You’ll need to understand the basics of object-oriented programming (and the specifics in the C# language), such as class, struct, fields, properties, methods. Then as a more advanced topic knowing the async/await pattern will be definitely a plus when writing scripts (esp. AsynScript), although you can skip it and stick to the SyncScript.

I’d recommend a book that greatly helped me when I myself was learning C#: C# in depth by Jon Skeet. I know he is currently working on a new version (4th), so you could either wait (Spring 2018) or buy the currently available version (3rd). You can probably find a second hand book for a good price.

Once you have read and understood this book, you can go next level with CLR via C# by Jeffrey Richter. It is much more technical and in depth and is probably not needed for the hobbyist developer but it is a good read. Again there is a new version (4th) coming soon (August) so maybe you can wait a little (you need to read Jon Skeet’s book first anyway :wink: ).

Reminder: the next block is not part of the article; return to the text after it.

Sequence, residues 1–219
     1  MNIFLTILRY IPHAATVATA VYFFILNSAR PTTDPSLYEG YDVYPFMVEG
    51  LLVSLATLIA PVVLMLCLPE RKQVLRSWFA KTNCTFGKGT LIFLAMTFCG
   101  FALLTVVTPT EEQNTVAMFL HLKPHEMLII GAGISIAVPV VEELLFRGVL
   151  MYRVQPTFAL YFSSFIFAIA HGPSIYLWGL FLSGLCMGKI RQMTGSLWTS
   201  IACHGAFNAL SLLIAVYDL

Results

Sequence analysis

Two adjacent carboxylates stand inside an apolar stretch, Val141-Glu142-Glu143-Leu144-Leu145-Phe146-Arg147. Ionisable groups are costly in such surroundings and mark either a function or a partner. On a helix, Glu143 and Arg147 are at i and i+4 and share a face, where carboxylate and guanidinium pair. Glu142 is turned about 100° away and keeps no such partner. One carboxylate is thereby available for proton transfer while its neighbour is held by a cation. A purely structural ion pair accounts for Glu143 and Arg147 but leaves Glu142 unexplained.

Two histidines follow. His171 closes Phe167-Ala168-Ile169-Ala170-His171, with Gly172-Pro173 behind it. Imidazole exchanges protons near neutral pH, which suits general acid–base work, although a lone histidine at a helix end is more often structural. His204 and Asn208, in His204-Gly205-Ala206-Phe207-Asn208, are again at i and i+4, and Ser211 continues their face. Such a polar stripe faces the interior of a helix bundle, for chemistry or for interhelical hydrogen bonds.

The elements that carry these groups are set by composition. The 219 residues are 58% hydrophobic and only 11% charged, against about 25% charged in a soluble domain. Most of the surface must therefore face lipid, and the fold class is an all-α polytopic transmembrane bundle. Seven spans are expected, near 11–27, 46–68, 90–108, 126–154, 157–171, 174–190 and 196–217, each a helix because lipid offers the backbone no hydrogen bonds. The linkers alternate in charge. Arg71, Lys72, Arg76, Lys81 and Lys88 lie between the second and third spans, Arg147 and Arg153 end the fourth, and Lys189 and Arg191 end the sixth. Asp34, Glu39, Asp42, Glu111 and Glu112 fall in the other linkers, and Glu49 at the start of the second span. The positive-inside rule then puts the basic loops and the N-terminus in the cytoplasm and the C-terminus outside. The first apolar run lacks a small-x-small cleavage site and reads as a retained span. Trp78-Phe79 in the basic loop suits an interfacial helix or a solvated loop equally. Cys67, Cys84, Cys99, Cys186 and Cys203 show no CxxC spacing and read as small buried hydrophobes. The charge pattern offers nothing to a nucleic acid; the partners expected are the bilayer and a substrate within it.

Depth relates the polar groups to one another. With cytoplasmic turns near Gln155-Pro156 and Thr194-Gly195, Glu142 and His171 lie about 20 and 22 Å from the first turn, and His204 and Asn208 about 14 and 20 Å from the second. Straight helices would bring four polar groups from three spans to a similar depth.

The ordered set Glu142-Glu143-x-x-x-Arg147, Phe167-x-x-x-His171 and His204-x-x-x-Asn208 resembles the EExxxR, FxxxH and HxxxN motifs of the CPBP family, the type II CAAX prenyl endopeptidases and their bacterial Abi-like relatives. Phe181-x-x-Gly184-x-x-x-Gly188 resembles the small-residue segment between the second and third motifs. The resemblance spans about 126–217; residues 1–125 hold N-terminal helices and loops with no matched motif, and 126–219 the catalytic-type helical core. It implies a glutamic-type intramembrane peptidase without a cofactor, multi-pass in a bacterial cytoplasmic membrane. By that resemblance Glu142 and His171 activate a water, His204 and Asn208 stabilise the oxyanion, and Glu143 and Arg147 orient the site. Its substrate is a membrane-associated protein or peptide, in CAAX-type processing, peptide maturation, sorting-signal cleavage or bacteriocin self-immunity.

For Xenko itself you won’t need to learn WPF or XAML. That is if you want to make a standalone game. On the other hand if you want to integrate Xenko into w desktop application using WPF or WinForms then yes you will need to master those technologies too.

Lastly (and very surprisingly) I can recommend you to learn a bit with a more simple game engine such as Monogame and then come back later to Xenko once you are more confident.


Thank you, Kryptos. That first book recommendation, Jon Skeet’s C# in Depth, sounds pretty good for something more…in depth. (Pun fully intended.) That’s exactly the sort of stuff I’m looking for to move forward with learning C# more fully. There are a lot of learn C# books out there, so it is always difficult deciding which ones to get next.

I am currently working through Nakov’s Fundamentals of Computer Programming with C#, which is pretty good. It has a lot of exercises in it that force you to use your head to come up with problem solutions. At 1,122 pages, its a long book, covering a lot of ground, but I believe it also may be somewhat out of date. It’s still a worthwhile read for a beginner though, especially if you stick to completing the exercises as the learning retention, and thinking in code, tools they are meant to be.